Tomorrow night, that's Monday, look into the Eastern sky around dusk, and fairly low on the horizon, you will be able to get a good look at planet Jupiter, which will come closest to Earth than it has in almost 50 years. It won't be this visible again until 2022, and who has time to wait!
Evidently, Jupiter will pass 368 million miles from Earth. I'm not an astronomer, and I only know this figure because I read in the newspapers, but 368 million miles?!? Well, it seems like it will be nothing more than a speck, but it will actually be big and bright, and with the aid of binoculars or a telescope, you will be able to see Jupiter's many moons as well. Jupiter will rise in the East as the Sun sets.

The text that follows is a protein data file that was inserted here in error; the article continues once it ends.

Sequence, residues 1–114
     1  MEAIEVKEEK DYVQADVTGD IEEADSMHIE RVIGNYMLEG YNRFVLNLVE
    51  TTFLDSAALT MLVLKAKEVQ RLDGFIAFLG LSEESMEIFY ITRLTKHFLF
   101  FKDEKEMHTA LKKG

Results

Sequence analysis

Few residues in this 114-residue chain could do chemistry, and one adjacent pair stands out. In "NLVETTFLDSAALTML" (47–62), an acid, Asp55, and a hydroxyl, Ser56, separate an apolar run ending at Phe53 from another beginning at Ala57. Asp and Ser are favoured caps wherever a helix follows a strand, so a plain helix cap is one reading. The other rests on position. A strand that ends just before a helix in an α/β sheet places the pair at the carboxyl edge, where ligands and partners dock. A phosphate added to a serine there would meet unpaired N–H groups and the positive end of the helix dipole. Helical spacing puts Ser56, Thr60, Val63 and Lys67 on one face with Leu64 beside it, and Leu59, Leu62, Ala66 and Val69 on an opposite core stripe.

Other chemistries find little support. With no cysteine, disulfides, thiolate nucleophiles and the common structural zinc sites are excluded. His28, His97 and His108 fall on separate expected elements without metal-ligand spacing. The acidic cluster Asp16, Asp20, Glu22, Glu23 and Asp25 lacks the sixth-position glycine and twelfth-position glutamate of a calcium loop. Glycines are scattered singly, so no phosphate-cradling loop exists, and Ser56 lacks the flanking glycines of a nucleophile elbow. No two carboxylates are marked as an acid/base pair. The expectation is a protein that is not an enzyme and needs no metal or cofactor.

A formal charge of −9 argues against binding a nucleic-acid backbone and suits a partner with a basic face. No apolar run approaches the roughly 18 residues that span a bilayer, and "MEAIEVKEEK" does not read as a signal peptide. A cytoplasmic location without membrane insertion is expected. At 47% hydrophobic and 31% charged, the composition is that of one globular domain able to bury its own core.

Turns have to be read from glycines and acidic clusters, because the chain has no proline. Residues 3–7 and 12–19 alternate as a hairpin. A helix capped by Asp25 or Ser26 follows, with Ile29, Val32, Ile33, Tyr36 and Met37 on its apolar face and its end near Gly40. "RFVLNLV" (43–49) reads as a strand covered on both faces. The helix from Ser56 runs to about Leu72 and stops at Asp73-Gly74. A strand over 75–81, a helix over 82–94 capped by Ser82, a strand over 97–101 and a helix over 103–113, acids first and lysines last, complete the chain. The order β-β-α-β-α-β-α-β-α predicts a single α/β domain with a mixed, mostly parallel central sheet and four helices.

"Jupiter is so bright right now, you don't need a sky map to find it," said Tony Phillips, a California astronomer under contract with NASA. "You just walk outside and see it. It's so eye-catching, there it is."
Planet Uranus will also be quite visible--look for it close beside Jupiter, but not so bright and harder to see without a telescope. But with the aid of a telescope, it will appear as an emerald-colored disk less than one degree from Jupiter.